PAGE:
Mary Haldeman rarely visits the grocery. She doesn’t have to.
She and her husband Mark live on a 60-acre self-sufficient, solar powered farm located just north of Piqua, and they grow everything from asparagus, cabbage and apples to kumquats, lemons and figs. Anything they can’t grow or raise, such as eggs, they barter for with neighbors. They have no utility bills, use geothermal heating, and any wood burned in their fireplace comes from fallen trees and limbs on the property.
“We have a lifestyle choice we’ve made,” Mary says from her kitchen.
Next to her sit about a dozen containers of fermenting wine. The smell of homemade soup cooking on the stove fills the air. “We incorporate everything from the farm into our lives. All of our fruits, vegetables and meats come from here. And one of our values is that we eat what we have.”
In 1999, Mary and Mark established WoodsWalk Farm, located at 9111 W. Miami-Shelby Road. Mark designed and established the gardens, prepared the beds for the vegetable garden, and designed and planted the entire orchard.
Each year – by appointment - the couple welcomes the public to pick apples, blackberries, blueberries and other seasonal items at the farm. They sell bushels of apples for $30 (that’s 95 apples total) and blueberries are offered on a first-come-first-served basis.
Beyond this, half of the food grown on the farm is donated to the Greene Street Food Pantry in Piqua and the Salvation Army; providing these organizations with much-needed fresh fruits and vegetables.
“Feeding the masses is very important to us,” Mary says of this effort.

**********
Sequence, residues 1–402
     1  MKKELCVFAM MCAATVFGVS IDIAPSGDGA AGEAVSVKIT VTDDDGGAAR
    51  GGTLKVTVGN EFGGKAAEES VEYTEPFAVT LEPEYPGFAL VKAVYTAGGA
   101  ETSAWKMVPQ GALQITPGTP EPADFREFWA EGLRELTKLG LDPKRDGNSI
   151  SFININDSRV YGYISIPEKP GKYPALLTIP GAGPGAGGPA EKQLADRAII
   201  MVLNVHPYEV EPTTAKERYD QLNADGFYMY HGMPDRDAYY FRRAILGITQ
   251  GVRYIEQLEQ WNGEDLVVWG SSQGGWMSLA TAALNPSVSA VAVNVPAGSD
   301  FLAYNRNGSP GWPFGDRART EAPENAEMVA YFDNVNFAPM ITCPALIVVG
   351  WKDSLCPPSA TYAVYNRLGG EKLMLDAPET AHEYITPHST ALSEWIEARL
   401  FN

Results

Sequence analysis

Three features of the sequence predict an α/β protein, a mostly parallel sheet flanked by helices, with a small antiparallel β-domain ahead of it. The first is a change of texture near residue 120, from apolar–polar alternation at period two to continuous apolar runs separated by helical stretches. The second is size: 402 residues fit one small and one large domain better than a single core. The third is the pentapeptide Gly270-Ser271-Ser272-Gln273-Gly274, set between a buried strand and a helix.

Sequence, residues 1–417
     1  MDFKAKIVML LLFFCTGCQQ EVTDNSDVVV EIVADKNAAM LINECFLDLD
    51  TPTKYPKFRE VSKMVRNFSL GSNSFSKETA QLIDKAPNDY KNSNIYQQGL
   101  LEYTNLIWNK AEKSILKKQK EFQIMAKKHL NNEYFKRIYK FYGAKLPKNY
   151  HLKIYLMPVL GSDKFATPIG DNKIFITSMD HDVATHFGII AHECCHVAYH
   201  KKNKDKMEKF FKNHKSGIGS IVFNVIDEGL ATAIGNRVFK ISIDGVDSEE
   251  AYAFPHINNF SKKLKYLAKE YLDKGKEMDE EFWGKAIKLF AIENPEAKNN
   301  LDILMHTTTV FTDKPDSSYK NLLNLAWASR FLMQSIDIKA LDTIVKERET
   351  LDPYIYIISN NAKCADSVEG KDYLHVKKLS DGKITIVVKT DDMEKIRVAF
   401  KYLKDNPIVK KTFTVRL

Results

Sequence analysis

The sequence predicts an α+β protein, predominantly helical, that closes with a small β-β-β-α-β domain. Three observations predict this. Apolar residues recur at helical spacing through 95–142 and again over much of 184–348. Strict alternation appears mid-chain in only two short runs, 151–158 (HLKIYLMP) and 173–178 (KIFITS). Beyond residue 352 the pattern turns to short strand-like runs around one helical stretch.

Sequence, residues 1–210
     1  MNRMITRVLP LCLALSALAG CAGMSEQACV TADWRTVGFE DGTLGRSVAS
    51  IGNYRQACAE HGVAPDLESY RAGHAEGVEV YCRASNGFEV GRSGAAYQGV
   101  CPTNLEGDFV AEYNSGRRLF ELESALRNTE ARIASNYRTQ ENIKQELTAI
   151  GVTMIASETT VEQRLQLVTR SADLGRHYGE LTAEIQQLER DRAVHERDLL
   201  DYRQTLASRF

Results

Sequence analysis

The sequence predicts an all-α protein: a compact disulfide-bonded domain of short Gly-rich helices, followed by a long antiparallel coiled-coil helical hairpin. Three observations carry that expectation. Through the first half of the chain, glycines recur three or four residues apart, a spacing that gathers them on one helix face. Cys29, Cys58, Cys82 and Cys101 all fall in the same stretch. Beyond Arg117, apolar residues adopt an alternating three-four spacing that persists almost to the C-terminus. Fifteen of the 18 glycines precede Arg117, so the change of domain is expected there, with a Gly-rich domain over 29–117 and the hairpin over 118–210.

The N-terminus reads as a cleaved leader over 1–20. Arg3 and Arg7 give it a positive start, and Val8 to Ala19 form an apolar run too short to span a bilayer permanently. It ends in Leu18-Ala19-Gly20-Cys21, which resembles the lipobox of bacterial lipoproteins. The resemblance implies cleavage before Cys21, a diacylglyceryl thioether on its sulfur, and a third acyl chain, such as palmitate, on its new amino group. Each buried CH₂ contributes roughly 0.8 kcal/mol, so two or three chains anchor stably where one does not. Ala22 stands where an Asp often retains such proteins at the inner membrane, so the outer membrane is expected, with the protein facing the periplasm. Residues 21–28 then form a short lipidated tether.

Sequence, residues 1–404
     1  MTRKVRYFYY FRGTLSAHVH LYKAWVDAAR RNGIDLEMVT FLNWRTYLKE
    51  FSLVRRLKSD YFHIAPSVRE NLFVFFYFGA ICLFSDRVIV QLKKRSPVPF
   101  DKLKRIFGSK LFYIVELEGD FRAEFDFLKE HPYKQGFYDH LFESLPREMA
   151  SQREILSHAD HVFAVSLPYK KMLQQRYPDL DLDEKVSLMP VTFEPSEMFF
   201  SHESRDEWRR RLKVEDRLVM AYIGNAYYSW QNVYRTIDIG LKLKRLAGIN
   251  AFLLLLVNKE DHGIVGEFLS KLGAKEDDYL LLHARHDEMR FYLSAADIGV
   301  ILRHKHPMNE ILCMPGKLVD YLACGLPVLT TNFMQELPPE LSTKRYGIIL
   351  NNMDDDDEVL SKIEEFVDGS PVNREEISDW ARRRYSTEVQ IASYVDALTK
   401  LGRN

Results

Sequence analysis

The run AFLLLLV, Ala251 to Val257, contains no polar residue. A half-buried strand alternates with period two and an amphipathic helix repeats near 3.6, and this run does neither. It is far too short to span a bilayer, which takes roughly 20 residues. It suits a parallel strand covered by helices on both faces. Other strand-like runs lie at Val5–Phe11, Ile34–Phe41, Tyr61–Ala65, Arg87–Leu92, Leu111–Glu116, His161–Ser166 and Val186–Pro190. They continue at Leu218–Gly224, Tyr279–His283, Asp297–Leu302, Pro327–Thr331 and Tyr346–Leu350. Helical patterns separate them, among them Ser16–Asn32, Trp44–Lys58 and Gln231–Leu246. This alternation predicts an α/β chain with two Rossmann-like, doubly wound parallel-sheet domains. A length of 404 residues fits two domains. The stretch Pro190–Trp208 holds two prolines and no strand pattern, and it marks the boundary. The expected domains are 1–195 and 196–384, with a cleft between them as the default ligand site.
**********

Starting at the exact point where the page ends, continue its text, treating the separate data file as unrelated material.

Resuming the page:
Mary is a retired minister from the West Ohio Conference of the United Methodist Church, and she and Mark volunteer and worship at Greene Street Church in Piqua.
While Mark’s day job is being a doctor, he also has a passion for horticulture. He enjoys growing fruits and vegetables, as well as flowers, and he propagates his own breeds; many of which can be seen around the property.
In mid-April, the farm is filled with 5,000 of Mark’s daffodil plants. In the summer, a garden pond near the farm’s orchard blooms with lotus flowers – a rare sight for these parts. To add to all of this, 40 acres of native Ohio woods on the property brim over with fall colors each October and provide a canopy for local wildlife year-round.
It is these touches of natural and landscaped beauty that Mary and Mark want to share with the public through the opening of a bed and breakfast at their farm.
“If you’re looking for a place to put down your phone and sit and think, this is the place,” Mary says. “Or, if you’re just stressed, it’s a great local place to get away.”
There are three rooms available at the bed and breakfast – Pond View, Woods View and Serenity.
“We want this experience to be affordable and open to everybody,” Mary says.
During a visit, guests can use the house and grounds, sit by the fire, stargaze, fish, have a bonfire, enjoy the farm’s Kahtahdin sheep, or hike in the woods.
“We can shape a day or evening for a couple, family or group,” Mary says.
Along with the experience of the farm, house guests can sample the flavors of the season with a home-cooked breakfast, which might include anything from fresh berries and melons grown on the farm to pancakes topped with Mary’s own maple syrup. Guests can enjoy breakfast on one of two patios or a veranda.
Currently, Mary and Mark are adding an exercise room and a greenhouse to the farm, and they’re always adding new foods to share with the community.